It is exciting to buy a new car. You are going to be treated like royalty by the dealers by letting you choose the equipment levels and colours and you also get the new car smell. You can easily get caught up in the moment to a point where you make decisions you might start regretting a couple of weeks or months after buying it.
1. Look at the long-term value
Before you decide to get a new car, you should see whether getting a used car is a better idea. New cars tend to lose their value quickly.
One year after driving off the forecourt, a new car loses an average of 40% of its value., and this is according to AA.
Different cars have different depreciation values. This is why it is a good idea to look at the fastest and slowest depreciating cars if depreciation is one of your concerns.
2. Checking whether the car fits your life
Sleek black, racing red, or maybe vibrant yellow? Wait a minute. Before you choose the colour you want for your car, take time to figure out whether the car you are about to gets fits your lifestyle.
Is the car big enough? Is it going to fit your garage? Do you have kids? If you have kids, is the boot big enough to fit a pushchair and everything else? If it can fit, is there enough space to fit other luggage or things you might need when going out for a family trip? This is the same case if you have pets. Is the car going to be used for short errands around the town or will it be used for long journeys?
You should make a list when buying a car. When you do this, you will have the chance of prioritizing what you need against the budget you have set. Have a column listing the thing you need, then have a second where it has the extra that will be good to have, but they have to be within budget.
3. If there is an extra feature you need to have, then it is AEB
Autonomous emergency braking (AEB) is a feature that monitors the traffic ahead of you and will brake automatically if you fail to respond to an emergency.
Thatcham Research had a report showing that cars that had this feature reduced real-world rear-end crashes by 38%. They want every car to have this feature, just like seatbelts.
This does not come as a standard, but adding this extra will be worth it.
4. Consider the payment options
There is a wide range of payment options when it comes to cars. Before speaking to the salesperson on the forecourt, take your time and learn more about the different payment options so you can know which is the best one for you and which one to avoid.
5. Sticking to your guns on pricing
When you have made your choice on the car you want, do as much research as possible.
This will include looking for the lowest prices online, which is going to come in handy when negotiating a lower price.. You should also check whether there are local dealers offering deals on the car you have in mind.
When negotiating with the dealer, you have to haggle with them on the pricing if you want to get the best deal. You should know your maximum price, and be prepared to pay that and nothing more.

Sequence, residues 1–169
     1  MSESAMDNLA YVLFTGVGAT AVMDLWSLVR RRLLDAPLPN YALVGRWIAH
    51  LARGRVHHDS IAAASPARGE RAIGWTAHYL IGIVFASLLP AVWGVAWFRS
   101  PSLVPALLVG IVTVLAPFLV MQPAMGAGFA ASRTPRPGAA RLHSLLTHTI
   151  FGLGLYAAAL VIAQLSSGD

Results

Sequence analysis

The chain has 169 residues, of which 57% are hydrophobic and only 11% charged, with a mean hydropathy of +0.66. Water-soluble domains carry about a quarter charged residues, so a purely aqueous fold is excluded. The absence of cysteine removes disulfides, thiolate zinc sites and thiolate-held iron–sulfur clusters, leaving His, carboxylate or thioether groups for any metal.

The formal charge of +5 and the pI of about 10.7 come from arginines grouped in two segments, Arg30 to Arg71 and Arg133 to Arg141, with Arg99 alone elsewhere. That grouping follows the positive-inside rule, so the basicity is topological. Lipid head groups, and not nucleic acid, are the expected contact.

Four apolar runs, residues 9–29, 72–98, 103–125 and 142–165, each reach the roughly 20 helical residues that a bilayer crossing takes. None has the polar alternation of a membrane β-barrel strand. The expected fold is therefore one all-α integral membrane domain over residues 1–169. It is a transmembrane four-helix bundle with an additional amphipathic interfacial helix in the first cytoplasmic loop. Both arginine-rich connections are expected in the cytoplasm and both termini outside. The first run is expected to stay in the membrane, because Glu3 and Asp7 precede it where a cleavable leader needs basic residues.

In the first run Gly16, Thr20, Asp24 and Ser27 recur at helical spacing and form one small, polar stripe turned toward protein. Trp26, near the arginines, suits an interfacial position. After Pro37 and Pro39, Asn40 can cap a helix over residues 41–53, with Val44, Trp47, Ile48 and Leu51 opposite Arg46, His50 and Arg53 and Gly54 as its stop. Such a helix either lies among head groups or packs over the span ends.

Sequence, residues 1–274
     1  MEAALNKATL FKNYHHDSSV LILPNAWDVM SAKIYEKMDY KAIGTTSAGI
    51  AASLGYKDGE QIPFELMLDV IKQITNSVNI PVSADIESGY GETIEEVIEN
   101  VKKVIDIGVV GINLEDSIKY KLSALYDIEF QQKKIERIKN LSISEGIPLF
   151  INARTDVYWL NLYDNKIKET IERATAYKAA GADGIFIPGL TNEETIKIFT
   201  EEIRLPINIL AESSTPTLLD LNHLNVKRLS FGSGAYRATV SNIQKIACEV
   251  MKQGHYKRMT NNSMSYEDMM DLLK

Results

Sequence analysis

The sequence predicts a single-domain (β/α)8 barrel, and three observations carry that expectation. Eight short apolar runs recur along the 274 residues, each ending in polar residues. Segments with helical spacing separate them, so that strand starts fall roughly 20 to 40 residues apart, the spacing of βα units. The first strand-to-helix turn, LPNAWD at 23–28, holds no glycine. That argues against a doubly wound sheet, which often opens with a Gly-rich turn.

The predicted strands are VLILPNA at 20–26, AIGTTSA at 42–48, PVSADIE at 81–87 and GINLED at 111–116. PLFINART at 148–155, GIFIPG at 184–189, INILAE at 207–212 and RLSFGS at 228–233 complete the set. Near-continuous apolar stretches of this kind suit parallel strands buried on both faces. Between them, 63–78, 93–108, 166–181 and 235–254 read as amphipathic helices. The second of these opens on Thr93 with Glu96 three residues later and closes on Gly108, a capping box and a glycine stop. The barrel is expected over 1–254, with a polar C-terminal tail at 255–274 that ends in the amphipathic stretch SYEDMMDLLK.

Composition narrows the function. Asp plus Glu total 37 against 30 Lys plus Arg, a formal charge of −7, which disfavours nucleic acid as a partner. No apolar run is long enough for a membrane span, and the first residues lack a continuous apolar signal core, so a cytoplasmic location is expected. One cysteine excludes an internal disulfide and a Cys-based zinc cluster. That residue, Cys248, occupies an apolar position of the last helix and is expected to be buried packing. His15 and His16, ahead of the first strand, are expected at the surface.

6. Buying at the right time
What many people don’t know is that the time of the year they buy a car has a big impact on what they are going to pay.
A lot is going to depend on how many cars the dealers have in stock and their targets. In September and March, dealers have a lot of stock, which is just after the introduction of new number plate formats. In February and August, the months that precede the change in plates, dealers usually have some old stock then need to clear out.
It is a good idea to visit the showroom during the week instead of weekends where they tend to be bust. If you can get some time Friday, then you might be able to get a good deal from a dealer looking to reach their weekly target.
7. Getting the best price for your old car
You should ensure you are getting the best possible price on your old motor.
If you are looking to part-exchange, go to sites such as AutoTrader or Parkers so you can find out what it is worth.
You might be able to get more for your car if you sell it privately. A good finance deal will also help you save – check out these PCP car finance options to see if they fit your personal finances.
8. Trying before buying
Test driving is not just important for used cars; new models have to be test driven too. This is a big purchase you are making; ensure you have your driving license when going to buy a car.
If you are torn between a lower or higher specification version of a car, then try both of them by taking a test drive. Things such as sports seats, bigger wheels, and firmer suspensions can have a big impact on car handling.
The best option is trying the car you are interested in, in both open road and urban streets. If possible, drive on roads that have speed bumps. You can tag someone along because they can give you a second opinion.
9. Getting car insurance and tax costs calculated
Car insurance costs can greatly vary between two cars that seem similar. Before you can sign the dotted line, make sure you get a quote for insurance.
One thing to keep in mind is third-party car insurance will be needed if you want to drive your new ride home. You will need to get it taxed.
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